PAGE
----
Inside spacecraft systems engineering at NASA’s Johnson Space Center in Houston is one of the fastest-growing disciplines in the agency.
And it has become a key area of focus for the agency’s new leadership, with a $100 billion, 20-year mission expected to be completed by 2025.
But it’s also a tough industry to master, with the challenge of keeping the technology up to date and developing a reliable spacecraft system from scratch.
For the first time, NASA is planning to develop a way to make a spacecraft system more reliable, so that it can be upgraded in the future, and that it doesn’t need to be modified or modified again.
The new system will be called the Space Shuttle Launch Vehicle-Heavy Crew Exploration Vehicle (STEV-H).
“Our plan is to make this work, to do it in a way that will have a very low probability of failure,” said David Stavridis, director of the STEV program at NASA.
“We’re hoping it can work, because this is something that’s really hard to do.”
The system is built on a stack of solid propellant and fuel tanks, called the Solid Fuel Assembly (SFA), which can be used to build a spacecraft with a payload of more than 100 people.
But as NASA has already proven, it’s not as simple as stacking up the solid propellants on top of each other.
It takes more than a dozen separate processes to build an SFA, which can weigh up to 2,000 tons and be designed to fit inside a spacecraft that is less than 100 feet long and only 10 feet wide.
The SFA is the foundation of the shuttle, which is designed to take astronauts to orbit.
“This is a big, big challenge,” said Mark Eakin, program manager for the Solid Booster Engine (SBE) program at the STEREO mission.
“It’s hard to get the right number of elements and the right combination of elements.
And this is one more thing that has to be done in a systematic way to get a very stable, reliable system.”
“It’s the biggest challenge of our career,” said Mike Griffin, project manager for Mission Systems Engineering at NASA Ames Research Center.
“This is going to be a challenge to the entire space program, and it’s a challenge we’re not going to get over.”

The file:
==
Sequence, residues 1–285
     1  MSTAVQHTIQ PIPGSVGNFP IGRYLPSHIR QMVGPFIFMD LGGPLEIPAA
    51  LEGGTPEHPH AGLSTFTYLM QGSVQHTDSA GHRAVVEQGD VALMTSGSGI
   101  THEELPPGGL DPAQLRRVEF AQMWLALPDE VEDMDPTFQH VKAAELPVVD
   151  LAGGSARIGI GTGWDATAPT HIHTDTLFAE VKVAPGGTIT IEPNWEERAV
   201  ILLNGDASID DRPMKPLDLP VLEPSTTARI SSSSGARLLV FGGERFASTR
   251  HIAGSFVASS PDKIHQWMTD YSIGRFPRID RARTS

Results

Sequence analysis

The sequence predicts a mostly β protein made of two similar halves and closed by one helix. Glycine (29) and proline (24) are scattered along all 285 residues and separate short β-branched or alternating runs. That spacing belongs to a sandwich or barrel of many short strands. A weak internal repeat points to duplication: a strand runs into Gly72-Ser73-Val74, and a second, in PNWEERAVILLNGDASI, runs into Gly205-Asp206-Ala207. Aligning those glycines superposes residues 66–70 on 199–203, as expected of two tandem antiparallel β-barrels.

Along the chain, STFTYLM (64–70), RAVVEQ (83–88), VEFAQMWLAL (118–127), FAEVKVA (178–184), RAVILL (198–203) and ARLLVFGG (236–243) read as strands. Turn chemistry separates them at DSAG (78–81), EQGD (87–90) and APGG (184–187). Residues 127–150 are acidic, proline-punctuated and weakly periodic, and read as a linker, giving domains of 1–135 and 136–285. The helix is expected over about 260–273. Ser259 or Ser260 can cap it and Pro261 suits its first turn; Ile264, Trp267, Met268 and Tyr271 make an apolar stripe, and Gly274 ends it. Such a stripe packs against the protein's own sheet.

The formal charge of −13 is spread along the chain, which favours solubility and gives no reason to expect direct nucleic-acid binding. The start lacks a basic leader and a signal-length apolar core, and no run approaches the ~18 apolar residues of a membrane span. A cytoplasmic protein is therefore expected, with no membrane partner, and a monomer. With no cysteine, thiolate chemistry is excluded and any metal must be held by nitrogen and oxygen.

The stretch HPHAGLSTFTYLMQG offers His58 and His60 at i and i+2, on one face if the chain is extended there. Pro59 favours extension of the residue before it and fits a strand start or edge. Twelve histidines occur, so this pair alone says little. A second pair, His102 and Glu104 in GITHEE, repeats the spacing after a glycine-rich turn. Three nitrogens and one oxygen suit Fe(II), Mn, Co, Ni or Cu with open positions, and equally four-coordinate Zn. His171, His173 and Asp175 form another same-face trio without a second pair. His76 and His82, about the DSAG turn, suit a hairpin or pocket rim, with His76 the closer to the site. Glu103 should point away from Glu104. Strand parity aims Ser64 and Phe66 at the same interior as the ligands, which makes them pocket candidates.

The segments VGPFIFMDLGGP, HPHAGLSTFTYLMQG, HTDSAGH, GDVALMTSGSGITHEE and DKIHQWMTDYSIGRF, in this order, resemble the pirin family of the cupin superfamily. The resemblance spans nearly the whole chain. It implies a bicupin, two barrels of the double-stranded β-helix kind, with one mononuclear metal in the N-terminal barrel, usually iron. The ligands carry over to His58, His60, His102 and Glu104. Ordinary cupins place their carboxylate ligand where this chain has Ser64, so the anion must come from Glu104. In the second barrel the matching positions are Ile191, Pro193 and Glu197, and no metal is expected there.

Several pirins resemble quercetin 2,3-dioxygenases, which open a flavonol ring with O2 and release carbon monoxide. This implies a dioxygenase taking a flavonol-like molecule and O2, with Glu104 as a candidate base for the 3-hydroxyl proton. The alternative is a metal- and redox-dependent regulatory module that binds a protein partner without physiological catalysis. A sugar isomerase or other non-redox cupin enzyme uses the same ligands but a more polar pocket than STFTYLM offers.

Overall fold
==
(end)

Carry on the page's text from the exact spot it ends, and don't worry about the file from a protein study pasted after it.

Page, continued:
The challenge to maintain and upgrade the SFA and to make it robust to future missions is called “spacecraft modeling,” and it requires a large team of engineers to understand how the SFE can be adapted to fit different missions.
At Johnson Space, the team of three engineers is working on this challenge.
The engineers are the SBE team, the Solid Flight Engineering team, and the Flight Engineering group.
The team is based at the Johnson Space Flight Control Center in Huntsville, Alabama, and includes three engineers working at the SBA, a team of flight engineers at the NASA Ames Engineering Center in Moffett Field, California, and a team working at Johnson Space Operations Center in Culver City, California.
To do their work, engineers must first understand the system in its entirety and understand how it’s designed to work in the event of a disaster, and they must also understand how to apply the technology to the design of a spacecraft.
The team is working with NASA to design and test a software system to handle the software, which would then be tested in flight and used to verify the system’s ability to withstand various challenges, such as re-entry into the Earth’s atmosphere, and how it would handle a mission failure.
In a test run of the software on a mock-up vehicle, the system successfully passed tests and was approved for use.
But because the team has not yet completed a full test run on a fully-operational system, the agency is continuing to assess the system and is still working to figure out how it will perform in a mission.
“We’re going to continue to evaluate the system for the next several years,” said Stavidis.
“In the meantime, we have to make sure it works.
If it doesn, we’re going back to the drawing board.”
A NASA spokesman declined to provide any specifics about how the software is designed, other than to say it is built from the ground up to be the most reliable in the space program.
A test flight in October, and another in December, showed that the software system was still reliable enough for a launch.
But the company still hasn’t made any decisions about when it will make a final decision on when to put the system into service, and what that launch date will be.
NASA plans to begin the testing phase of the SSEA in February 2019, and then the testing and certification phase of it in April 2020.
The next phase of testing is expected to start in March 2019.
Stavridi said he hopes to have the first flight in the 2019